The character who seizes control of the situation is a level-headed, proactive black man named Ben who seems to know exactly what to do to keep everyone safe and keep the ghouls from getting inside. But in the end, nothing matters – everyone in the house is killed and the last survivor, Ben, is shot dead by, of all people, a Caucasian police officer, who mistakenly assumes Ben is just another ghoul to be executed. If that isn’t a fairly blatant metaphor for the state of racism and police brutality/indifference that we are still hearing about on the news 54 years later, what is? And as for the ghouls feasting on the flesh of their victims, where can you find a greater allegory for our materialistic society than that? After all, there isn’t much more you can consume beyond the literal bodies and blood of your fellow human beings.
2. The Texas Chainsaw Massacre (1974)
The early 1970s was a time of serious upheaval. Conservative family values were being subverted by the emergence of the hippie counterculture, the sexual revolution created by disillusioned youths craving to get more fun out of life than what was expected of them, and the image of the nuclear family unit was gradually deteriorating into a grotesque parody of its former self, symbolized by the inbred, cannibalistic Sawyer family at the center of Tobe Hooper and Kim Henkel’s groundbreaking 1974 teen slasher masterpiece, The Texas Chainsaw Massacre.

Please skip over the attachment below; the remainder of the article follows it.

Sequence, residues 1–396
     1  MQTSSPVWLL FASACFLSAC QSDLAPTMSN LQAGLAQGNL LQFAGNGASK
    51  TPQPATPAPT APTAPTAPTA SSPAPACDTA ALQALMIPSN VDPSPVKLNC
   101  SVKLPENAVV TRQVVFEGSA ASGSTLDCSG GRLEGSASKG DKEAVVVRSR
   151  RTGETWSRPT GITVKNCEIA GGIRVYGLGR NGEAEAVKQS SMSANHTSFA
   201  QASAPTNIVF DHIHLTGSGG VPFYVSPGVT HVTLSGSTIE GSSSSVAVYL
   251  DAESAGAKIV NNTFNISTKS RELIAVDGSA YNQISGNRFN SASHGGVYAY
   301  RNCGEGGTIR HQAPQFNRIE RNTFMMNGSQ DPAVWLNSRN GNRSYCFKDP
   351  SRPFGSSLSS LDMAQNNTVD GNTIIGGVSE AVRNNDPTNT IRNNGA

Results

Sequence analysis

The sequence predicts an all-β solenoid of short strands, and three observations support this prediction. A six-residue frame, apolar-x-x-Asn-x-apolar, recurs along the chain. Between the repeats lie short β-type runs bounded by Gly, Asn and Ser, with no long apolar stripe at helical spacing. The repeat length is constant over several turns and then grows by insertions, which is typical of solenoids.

Similar to the setup of the first entry on this list, Texas Chainsaw follows a day in the life of Sally Hardesty and her invalid brother, Franklin, who travel by van one Saturday afternoon to visit the gravesite of their grandfather after hearing about a series of grave robbings in the area. They are joined by three of their friends, all of whom have no way of suspecting the nightmare they’re driving straight into as they unwittingly cross paths with a large, deformed serial killer who wields a chainsaw and wears the faces of his former victims. By the following morning, only one of these young adults will have escaped with their lives, if not their sanity, intact.
While first and foremost one of the scariest and most shocking horror films ever made – banned in several countries and condemned by the church, no less – Texas Chainsaw is also notable for its pro-vegetarian stance as it openly discusses the callousness and evil of slaughtering animals for food. Say what you will about the Sawyers, but they do not eat poor, defenseless animals when they’ve got a lineup of carefree youths in their sight.
3. Candyman (1992)
Instead of our usual boogeyman, who serves as a personification of pure evil and kills merely for the pleasure of it all, Candyman makes the daring move of turning its ultimate victim into a malicious specter hellbent on causing the same pain to others that was inflicted on him. Tony Todd stars as the titular phantom, the free son of a slave who was chased, cornered, and brutally lynched by an angry mob simply for being a black man who “dared” to fall in love with and impregnate the white daughter of his employer. Now his soul haunts the residents of a disenfranchised apartment building in Cabrini Green, appearing in a mirror once his nickname is spoken five times and eviscerating those who denied his existence with the hook that was jammed into the bloody stump of his sawed-off hand.